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Hot Wing King

Hot Wing King

Studio Theatre
Jordan Wright
July 6, 2022
Special to The Zebra

Bjorn DuPaty, Brian Marable, and Blake Morris (Photo/Jati Lindsay)

At the top of her game, Pulitzer prize-winner and Tony nominee, Katori Hall, has written a staged sit-com about five roommates entering the Hot Wing Festival contest in Memphis. All five men are African American gays living in the same house. And although their personalities are very different, their aim to win the $5,000 top prize with Cordell’s tried and tested Blueberry- and Bourbon-infused Cajun Alfredo Wings with Blue Cheese and Crumbled Bacon Wings keeps the men in collective disharmony.

Derrick Sanders III, Michael Kevin Darnall, Bjorn DuPaty, Brian Marable, and Blake Morris (Photo: Jati Lindsay)

The group, calling themselves “The New Wing Order”, gather in the kitchen the night before to prepare for the contest. Isom (Michael Kevin Darnall) is the reigning queen of the quintet alternately flinging barbs and hugging his roomies. As a New Orleans self-proclaimed Cajun expert, he is a bit of a lost soul who covers it up with his flagrant flightiness. To his erstwhile lover, a local barber they call Big Charles (Bjorn DuPaty), he sadly admits, “People only want me for one night.”

In the process of making 387 wings for the next day’s big contest, the drama ensues. Will Cordell (Brian Marable) defeat his inner demons? Will his faithful lover, the fashion-conscious Dwayne (Blake Morris) keep their relationship alive? Will TJ (JaBen Early), the streetwise dope dealer, lead his innocent son EJ (Derrick Sanders III) into a life of crime? EJ is Dwayne’s nephew and he’s got a stake in the decision to keep EJ out of trouble.

Blake Morris and JaBen Early in (Photo/Jati Lindsay)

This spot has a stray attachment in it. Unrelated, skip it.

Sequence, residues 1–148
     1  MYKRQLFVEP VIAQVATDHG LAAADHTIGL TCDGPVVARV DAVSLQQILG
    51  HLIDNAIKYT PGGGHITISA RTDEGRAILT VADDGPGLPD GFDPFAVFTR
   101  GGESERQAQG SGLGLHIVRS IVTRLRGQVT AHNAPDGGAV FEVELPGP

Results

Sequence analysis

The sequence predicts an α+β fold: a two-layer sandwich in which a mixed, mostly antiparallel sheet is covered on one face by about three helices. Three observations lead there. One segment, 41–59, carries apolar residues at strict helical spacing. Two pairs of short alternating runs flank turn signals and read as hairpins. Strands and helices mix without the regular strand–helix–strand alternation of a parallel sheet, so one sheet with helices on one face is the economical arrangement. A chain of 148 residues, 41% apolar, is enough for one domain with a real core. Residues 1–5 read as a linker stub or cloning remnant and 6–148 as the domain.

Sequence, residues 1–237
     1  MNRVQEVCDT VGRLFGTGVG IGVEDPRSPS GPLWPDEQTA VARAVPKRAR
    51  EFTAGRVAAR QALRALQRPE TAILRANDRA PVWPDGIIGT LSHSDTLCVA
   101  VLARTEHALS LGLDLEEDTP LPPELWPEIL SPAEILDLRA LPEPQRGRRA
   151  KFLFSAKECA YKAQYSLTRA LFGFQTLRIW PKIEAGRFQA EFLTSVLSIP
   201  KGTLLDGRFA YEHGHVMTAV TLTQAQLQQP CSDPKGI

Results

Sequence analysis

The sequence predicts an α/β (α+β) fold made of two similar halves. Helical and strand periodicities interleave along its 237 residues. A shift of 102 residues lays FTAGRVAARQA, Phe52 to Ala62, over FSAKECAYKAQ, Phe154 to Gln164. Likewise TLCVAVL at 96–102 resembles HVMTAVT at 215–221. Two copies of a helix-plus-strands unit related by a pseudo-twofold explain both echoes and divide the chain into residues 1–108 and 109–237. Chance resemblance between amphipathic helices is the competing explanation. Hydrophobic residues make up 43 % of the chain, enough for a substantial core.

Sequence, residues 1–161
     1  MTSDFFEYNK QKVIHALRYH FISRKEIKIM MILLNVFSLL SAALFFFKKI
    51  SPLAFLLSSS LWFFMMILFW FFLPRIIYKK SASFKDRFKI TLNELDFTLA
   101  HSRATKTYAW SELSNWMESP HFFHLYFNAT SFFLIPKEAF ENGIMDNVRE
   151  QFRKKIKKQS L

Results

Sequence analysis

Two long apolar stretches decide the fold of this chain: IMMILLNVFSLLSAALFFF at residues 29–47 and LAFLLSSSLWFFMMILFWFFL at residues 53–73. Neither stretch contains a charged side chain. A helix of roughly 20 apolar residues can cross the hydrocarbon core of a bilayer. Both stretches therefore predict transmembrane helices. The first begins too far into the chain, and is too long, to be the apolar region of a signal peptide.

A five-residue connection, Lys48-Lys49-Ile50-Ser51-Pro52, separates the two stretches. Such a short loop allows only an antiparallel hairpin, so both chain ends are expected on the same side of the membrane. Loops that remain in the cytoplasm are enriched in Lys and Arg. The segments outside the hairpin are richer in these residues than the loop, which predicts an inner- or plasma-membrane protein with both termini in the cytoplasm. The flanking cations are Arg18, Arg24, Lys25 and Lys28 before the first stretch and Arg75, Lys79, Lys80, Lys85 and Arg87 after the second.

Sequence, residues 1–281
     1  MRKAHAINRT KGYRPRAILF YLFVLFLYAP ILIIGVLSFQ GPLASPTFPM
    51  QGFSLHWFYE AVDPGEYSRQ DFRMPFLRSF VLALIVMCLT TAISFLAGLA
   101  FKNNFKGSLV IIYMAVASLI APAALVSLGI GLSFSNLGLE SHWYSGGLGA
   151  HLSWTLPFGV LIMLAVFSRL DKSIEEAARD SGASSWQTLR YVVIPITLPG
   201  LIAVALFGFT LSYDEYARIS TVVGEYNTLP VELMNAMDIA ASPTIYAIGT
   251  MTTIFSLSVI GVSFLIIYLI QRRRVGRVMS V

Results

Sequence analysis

Within this serio-silly comedy peppered with verbal jousting, there is an emotional backstory as the men alternately cast blame on one another for their failings, then manage to work together to resolve their differences.

Sprung out of a conversation Hall had with director Steve H. Broadnax III about her brother and his partner, living in Memphis, Broadnax told her, “That’s your next play!” For Hall it’s a love letter to the complexities of a gay, stitched-together family living in the heart of the American South.

Perfecting their wing recipe: (l to r) Derrick Sanders III, Blake Morris, Brian Marable, Bjorn DuPaty, and Michael Kevin Darnall. (Photo: Jati Lindsay)

Dramaturg Adrien-Alice Hansel; Costumes designed by Ivania Stack; Lighting designed by Alan C. Edwards; Props by Amy Kellett; Dialect Coach Caroline Stefanie Clay; and Intimacy Choreographer Raja Benz.

Through July 31st in the new Victor Shargai Theatre stage at Studio Theatre, 1501 14th Street, NW, Washington, DC 20005. For tickets and information visit or call the box office at 202 332-3300.  Parking is tricky in this busy neighborhood. If you are coming after 5pm, park at the Washington Plaza Hotel a few blocks away and be sure to pay for your $13 discount voucher at the Box Office before leaving the theatre.

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